Multcolib Homework Center Picks: Public Transportation & Transit Justice
Annotation:This article by Dr. Robert D. Bullard has powerful arguments and statistics about inequity in transit. But since the article is from 2003, it'd be a good idea to check for more recent statistics if you want to use the information in an essay. Learn about Dr. Bullard's other articles and books at his website, drrobertbullard.com.
Annotation:Lisa Loving interviews Nicole Johnson, Youth Organizer, and Jared Franz, Policy Associate from OPAL: Environmental Justice Oregon about transit justice issues in Multnomah County. A very in-depth interview, including input from some callers to the Voices From the Edge program.
Annotation:From the article, written by OPAL Environmental Justice Oregon youth organizer Nicole Johnson and Multnomah Youth Commission co-chair Jose Lopez Delgado: "Youth Pass empowers young citizens to fully engage in their community. More than just to-and-from school, it ensures that young people have access to jobs, extracurricular activities and other civic commitments, which stimulates our regional economy."
Annotation:Article about one day -- March 25, 2014 -- at the community court for people caught traveling without tickets on public transit.
Annotation:This 2011 article about the Multnomah Youth Commission's advocacy for the YouthPass program has good background on the importance of the program for youth & families.
Annotation:"Between 2013 and 2015, TriMet is asking riders, residents, neighborhood groups, governments, schools and businesses for their feedback to create a long-term vision for transit service. Together, we will identify and prioritize opportunities to improve bus service as well as pedestrian and bike access to transit."
Annotation:Reporter Aaron Mesh rode 242 miles on TriMet over 3 days in 2012. He writes about the people he met and TriMet's funding issues. The article has a lot of comments, many of which are critical of Mesh's point of view.
Annotation:"Nordahl demonstrates that when using public transit is an enjoyable experience, tourists and commuters alike willingly hand in their keys. The trick is creating a system that isn't simply a poor imitation of the automobile, but offers its own pleasures and comforts. While a railway or bus will never achieve the quiet solitude of a personal car, it can provide, much like a well-designed public park, an inviting, communal space."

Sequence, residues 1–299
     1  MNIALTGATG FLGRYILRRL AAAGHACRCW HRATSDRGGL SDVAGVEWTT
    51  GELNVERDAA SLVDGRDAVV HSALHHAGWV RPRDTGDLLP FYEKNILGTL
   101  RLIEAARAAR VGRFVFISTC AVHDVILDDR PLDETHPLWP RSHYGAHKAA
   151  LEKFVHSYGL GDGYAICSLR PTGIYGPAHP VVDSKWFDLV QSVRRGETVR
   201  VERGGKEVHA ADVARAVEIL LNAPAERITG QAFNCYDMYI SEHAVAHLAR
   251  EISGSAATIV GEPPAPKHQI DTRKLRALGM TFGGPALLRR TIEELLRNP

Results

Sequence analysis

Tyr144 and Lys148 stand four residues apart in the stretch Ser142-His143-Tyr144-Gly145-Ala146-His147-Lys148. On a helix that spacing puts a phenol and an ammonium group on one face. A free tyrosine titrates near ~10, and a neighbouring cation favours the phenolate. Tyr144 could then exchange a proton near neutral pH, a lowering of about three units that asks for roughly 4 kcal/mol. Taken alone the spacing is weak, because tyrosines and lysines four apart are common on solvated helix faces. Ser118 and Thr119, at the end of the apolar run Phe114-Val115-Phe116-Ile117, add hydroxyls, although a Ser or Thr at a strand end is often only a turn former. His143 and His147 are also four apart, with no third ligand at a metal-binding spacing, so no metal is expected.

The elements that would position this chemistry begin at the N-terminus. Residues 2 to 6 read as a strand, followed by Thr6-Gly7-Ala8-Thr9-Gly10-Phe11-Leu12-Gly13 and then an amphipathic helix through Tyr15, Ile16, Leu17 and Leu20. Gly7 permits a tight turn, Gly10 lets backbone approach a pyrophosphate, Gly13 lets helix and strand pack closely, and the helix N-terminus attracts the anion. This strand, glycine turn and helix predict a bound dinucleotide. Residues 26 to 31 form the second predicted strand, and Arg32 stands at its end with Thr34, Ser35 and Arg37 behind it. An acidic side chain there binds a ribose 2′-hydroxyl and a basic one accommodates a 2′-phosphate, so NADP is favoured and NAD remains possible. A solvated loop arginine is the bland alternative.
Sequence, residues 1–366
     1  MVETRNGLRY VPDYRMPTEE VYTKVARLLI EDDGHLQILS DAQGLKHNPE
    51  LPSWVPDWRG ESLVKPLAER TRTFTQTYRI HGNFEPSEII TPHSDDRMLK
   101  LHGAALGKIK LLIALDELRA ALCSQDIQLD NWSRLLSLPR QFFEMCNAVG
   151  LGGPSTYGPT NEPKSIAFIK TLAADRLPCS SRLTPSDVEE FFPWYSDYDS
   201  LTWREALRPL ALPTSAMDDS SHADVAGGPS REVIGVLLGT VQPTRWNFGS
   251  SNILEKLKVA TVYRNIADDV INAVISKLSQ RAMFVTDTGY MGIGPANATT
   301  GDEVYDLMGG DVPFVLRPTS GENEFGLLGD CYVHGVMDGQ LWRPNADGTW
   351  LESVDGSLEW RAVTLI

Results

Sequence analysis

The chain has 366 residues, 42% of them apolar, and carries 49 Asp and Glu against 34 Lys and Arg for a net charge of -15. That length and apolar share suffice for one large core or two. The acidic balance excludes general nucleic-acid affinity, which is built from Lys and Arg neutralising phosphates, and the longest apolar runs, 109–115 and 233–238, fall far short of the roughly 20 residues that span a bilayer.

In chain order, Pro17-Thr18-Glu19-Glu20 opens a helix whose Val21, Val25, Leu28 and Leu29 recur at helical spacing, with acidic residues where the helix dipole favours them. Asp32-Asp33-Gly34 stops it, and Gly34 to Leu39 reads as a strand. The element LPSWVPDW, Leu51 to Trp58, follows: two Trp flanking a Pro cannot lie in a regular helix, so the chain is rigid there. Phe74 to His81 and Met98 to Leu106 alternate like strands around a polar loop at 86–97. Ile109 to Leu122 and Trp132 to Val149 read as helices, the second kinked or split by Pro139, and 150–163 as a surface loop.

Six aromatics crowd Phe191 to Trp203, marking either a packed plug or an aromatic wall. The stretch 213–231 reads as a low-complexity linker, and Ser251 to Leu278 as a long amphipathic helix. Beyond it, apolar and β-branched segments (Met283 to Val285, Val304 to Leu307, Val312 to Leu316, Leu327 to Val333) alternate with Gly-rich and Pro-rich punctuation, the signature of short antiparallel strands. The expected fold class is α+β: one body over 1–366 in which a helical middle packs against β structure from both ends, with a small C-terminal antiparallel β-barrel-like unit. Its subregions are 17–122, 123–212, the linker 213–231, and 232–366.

Annotation:A reviewer, Professor John Whitelegg, says that the book "shows exactly what is wrong with public transport systems around the world and what is needed to put them right."
Annotation:"Transit-oriented development (TOD) seeks to maximize access to mass transit and nonmotorized transportation with centrally located rail or bus stations surrounded by relatively high-density commercial and residential development." The book's description calls it "It is a vital new source of information for anyone interested in urban and regional planning and development, including planners, developers, community groups, transit agency staff, and finance professionals."
Annotation:"Explaining how to design spaces for pedestrians while also accommodating transit needs, this book is an excellent reference for students, public sector planners and officials, and private sector designers and developers seeking to make places more pedestrian- and transit-friendly."
Annotation:Brief overview of important dates and events in Portland public transportation history.
Annotation:"Experts from megacities around the world each take the reader on a journey to their own city and its mobility culture, giving a deeper insight into the unique evolutionary paths of mobility that these places have taken, and what lies before them." If you can take the time to make sense of the very academic writing style, this book has tons of great information and useful statistics.
Member of Multnomah County LibrarySend multcolib_homeworkcenter a Message Follow Ignore Report This List
Who has an easy time getting where they need to go, and who finds it more difficult? How have decisions about transit access played out in Portland and Multnomah County and how can we affect them in the future? These books and articles provide an introduction of a complex topic.